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The Doryman's Reflection: A Fisherman's Life
     

The Doryman's Reflection: A Fisherman's Life

by Paul Molyneaux
 

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Fishermen survive as relics, the last hunter-gatherers among us. Their boats, crammed with ropes and nets, carry the mystique of a nearly forgotten world ruled by the elements.

Now an accomplished writer, Molyneaux as a young man journeyed to Maine with no experience and a dream of working on a boat. This is the story of his apprenticeship with Bernard Raynes,

Overview


Fishermen survive as relics, the last hunter-gatherers among us. Their boats, crammed with ropes and nets, carry the mystique of a nearly forgotten world ruled by the elements.

Now an accomplished writer, Molyneaux as a young man journeyed to Maine with no experience and a dream of working on a boat. This is the story of his apprenticeship with Bernard Raynes, one of Maine's last independent commercial fishermen. In the early 1980s, these two men shared some of the fishing industry's best years, as well as gripping adventures on the stormy North Atlantic. Now their world has changed. The author discusses the factors-personal and political, environmental and economic-that led to the decline of New England fishing. Thanks to a strong work ethic and an iron will, Raynes resolutely hangs on to a vanishing way of life, while consolidation pushes that way of life out of reach for today's young fishermen.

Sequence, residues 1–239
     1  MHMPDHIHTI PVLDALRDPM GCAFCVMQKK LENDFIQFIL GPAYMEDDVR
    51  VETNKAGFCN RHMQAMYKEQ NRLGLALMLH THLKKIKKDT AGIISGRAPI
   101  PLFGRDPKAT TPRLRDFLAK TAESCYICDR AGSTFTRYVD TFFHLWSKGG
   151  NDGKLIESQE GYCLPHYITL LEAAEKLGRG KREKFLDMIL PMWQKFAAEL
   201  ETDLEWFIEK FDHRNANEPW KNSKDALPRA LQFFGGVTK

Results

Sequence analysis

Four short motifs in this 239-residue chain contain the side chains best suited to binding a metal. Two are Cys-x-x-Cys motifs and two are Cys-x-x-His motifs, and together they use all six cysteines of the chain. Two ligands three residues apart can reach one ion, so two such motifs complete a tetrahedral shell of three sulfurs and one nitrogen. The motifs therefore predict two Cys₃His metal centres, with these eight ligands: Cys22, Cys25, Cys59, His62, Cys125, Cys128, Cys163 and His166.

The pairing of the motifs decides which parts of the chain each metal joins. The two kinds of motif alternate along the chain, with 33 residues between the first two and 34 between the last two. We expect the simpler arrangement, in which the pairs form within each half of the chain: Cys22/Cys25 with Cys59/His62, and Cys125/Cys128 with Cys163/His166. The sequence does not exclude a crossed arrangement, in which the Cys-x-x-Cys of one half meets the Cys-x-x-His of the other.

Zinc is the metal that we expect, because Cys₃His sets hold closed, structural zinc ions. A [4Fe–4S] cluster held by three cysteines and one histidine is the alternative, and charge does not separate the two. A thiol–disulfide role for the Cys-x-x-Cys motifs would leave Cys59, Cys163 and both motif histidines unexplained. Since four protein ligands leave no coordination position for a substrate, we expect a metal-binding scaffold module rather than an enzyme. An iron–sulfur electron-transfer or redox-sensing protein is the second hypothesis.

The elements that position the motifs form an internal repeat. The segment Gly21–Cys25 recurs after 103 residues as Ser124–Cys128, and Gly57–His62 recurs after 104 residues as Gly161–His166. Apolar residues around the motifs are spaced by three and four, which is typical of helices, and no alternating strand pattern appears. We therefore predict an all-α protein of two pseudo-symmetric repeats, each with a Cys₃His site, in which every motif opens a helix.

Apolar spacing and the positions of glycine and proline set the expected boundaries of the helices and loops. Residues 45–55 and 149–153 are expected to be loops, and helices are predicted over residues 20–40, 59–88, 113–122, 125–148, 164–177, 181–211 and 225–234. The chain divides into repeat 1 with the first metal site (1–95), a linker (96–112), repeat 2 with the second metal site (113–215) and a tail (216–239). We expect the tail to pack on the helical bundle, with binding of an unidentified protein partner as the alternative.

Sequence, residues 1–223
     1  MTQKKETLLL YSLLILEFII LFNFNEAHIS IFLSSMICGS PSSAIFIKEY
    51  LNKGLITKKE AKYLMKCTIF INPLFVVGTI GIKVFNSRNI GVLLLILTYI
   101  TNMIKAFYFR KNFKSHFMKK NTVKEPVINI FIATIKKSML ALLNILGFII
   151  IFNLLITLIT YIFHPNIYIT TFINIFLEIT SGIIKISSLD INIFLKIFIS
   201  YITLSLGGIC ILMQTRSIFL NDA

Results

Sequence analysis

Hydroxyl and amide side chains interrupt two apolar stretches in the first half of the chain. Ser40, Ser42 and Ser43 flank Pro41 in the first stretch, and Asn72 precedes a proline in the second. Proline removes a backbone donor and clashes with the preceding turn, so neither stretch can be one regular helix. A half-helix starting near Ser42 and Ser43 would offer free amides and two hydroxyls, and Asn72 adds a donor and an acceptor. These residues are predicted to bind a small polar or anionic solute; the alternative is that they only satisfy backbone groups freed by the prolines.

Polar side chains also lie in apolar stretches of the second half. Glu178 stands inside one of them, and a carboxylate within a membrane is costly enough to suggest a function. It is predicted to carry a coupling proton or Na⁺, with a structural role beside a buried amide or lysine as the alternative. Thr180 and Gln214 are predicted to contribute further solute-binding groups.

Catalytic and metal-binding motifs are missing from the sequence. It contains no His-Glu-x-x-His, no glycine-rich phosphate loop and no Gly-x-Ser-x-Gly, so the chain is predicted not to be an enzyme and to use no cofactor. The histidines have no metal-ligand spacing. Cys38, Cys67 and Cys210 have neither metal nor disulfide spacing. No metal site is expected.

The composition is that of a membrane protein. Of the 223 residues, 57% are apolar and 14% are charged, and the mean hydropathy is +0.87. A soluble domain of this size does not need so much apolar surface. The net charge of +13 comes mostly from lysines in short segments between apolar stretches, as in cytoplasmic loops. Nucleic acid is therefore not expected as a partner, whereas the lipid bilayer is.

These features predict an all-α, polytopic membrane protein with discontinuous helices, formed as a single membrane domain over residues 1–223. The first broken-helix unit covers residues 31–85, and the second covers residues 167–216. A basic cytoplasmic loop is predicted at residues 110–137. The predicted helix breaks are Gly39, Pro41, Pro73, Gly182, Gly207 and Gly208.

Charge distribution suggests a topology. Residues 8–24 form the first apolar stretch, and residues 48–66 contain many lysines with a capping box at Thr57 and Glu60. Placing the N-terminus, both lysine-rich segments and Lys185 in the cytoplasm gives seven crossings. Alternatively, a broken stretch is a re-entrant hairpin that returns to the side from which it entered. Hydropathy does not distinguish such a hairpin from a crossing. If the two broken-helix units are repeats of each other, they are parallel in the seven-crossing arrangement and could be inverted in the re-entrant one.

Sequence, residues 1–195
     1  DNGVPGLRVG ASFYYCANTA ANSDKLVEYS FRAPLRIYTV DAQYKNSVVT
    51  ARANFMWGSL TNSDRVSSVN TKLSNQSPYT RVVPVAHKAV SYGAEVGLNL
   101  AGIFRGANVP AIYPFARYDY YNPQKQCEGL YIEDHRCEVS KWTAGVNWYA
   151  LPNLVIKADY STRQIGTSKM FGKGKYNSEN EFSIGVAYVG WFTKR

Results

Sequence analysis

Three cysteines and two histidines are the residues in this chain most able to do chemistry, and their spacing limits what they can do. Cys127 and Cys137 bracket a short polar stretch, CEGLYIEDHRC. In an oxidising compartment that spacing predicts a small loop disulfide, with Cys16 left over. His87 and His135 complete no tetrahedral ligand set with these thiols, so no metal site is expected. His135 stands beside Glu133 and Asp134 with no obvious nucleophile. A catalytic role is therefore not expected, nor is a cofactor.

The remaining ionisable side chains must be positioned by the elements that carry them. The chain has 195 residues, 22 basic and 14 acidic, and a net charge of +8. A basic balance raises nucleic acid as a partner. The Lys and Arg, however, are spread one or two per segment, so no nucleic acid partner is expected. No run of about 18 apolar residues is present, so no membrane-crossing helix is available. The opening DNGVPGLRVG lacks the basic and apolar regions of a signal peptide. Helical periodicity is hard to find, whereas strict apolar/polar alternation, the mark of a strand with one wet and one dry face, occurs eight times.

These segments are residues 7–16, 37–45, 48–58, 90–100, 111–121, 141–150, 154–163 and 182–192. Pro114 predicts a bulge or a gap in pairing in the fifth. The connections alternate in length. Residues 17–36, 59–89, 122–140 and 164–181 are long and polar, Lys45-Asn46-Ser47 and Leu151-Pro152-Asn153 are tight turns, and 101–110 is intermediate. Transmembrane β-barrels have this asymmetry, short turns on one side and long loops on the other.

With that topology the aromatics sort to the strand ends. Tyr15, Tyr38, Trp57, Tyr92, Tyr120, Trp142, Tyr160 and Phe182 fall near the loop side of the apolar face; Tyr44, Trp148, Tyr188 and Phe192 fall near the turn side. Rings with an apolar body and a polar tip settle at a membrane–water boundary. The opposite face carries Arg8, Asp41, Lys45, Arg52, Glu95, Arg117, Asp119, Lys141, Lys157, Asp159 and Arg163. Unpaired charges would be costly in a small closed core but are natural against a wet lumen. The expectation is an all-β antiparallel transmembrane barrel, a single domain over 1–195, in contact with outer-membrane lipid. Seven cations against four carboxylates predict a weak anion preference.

For over three centuries, Raynes's ancestors invested their futures in the lives of fish. They learned to think like fish and developed unparalleled ability as fishermen. Today's fishermen will not have to match Raynes's supreme skill. Technology has edged Raynes out, and his fishing legacy will die with him.

Editorial Reviews

Library Journal
Commercial fishermen increasingly belong to a world we have lost. Theirs has always been a dangerous, demanding profession, but today our harvesting of the sea's bounty has been changed irrevocably, with modern technology replacing sea savvy and a "make a buck now" mentality replacing a sense of conservation guided by an eye firmly focused on the future. This book recounts the life of one of this vanishing breed, Bernard Raynes. Having once served an apprenticeship under Raynes, veteran journalist Molyneaux (who specializes in writing on marine issues) brings vividness and vitality to this biography. Raynes is in fact one of the last independent commercial fishermen in Maine, where he has worked for decades. For all its personal interest, though, this book is more than a mere account of a durable, endearing character. It is an insightful look at an industry in an era of decline and dramatic change. Recommended for public libraries.-Jim Casada, emeritus, Winthrop Univ., Rock Hill, SC Copyright 2005 Reed Business Information.

Product Details

ISBN-13:
9781560256694
Publisher:
Basic Books
Publication date:
03/15/2005
Pages:
272
Product dimensions:
5.82(w) x 8.52(h) x 1.11(d)

Meet the Author

Paul Molyneaux began working in commercial fishing as a "lumper," unloading scallop boats, in 1976. He now writes about fisheries and marine issues for THE NEW YORK TIMES, YANKEE MAGAZINE, and NATIONAL FISHERMAN. He and his family split their time between Mexico and Maine.

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